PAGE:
Implementing Public Health Strategies-The Need for Educational Initiatives: A Systematic Review.

Khorram-Manesh A, Dulebenets MA, Goniewicz K

Int J Environ Res Public Health 18 (11) - [2021-05-30; online 2021-05-30]

In the absence of a specific treatment or vaccines, public health strategies are the main measures to use in the initial stages of a pandemic to allow surveillance of infectious diseases. During the ongoing global pandemic of coronavirus disease 2019 (COVID-19), several countries initiated various public health strategies, such as contact tracing and quarantine. The present study aims to conduct a systematic literature review to identify the presence of educational initiatives that promote the implementation of public health strategies before public health emergencies, with a special focus on contact tracing applications. Using Science Direct, PubMed, Scopus, and Gothenburg University search engines, all published scientific articles were included, while conference, reports, and non-scientific papers were excluded. The outcomes of the reviewed studies indicate that the effective implementation of public health strategies depends on the peoples' willingness to participate and collaborate with local authorities. Several factors may influence such willingness, of which ethical, psychological, and practical factors seem to be the most important and frequently discussed. Moreover, individual willingness and readiness of a community may also vary based on the acquired level of knowledge about the incident and its cause and available management options. Educational initiatives, proper communication, and timely information at the community level were found to be the necessary steps to counteract misinformation and to promote a successful implementation of public health strategies and attenuate the effects of a pandemic. The systematic review conducted as a part of this study would benefit the relevant stakeholders and policy makers and assist with effective designing and implementation.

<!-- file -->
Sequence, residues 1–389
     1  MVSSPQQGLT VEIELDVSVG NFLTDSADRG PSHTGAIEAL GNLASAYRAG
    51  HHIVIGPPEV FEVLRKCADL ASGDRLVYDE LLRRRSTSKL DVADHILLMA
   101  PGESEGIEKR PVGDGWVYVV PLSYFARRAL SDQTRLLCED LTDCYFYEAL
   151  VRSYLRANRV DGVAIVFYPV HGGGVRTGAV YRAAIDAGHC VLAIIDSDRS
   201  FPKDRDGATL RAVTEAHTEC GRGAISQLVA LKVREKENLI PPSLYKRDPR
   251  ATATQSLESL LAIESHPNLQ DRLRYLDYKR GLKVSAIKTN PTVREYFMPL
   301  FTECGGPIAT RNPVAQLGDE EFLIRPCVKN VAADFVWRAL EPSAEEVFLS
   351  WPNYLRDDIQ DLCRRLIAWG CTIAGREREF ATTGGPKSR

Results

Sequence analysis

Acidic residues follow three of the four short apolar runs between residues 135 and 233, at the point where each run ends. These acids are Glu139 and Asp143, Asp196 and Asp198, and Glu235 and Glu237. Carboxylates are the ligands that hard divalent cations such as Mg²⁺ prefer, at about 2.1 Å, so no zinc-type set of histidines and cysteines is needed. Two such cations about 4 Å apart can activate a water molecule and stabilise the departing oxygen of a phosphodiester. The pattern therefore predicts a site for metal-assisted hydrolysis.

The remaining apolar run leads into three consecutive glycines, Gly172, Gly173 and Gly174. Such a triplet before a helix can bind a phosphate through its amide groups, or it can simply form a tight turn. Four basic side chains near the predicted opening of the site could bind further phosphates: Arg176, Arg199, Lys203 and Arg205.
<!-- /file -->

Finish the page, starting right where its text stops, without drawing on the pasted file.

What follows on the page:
Type: Review

PubMed 34070882

DOI 10.3390/ijerph18115888

Crossref 10.3390/ijerph18115888

pii: ijerph18115888


Publications 7.1.2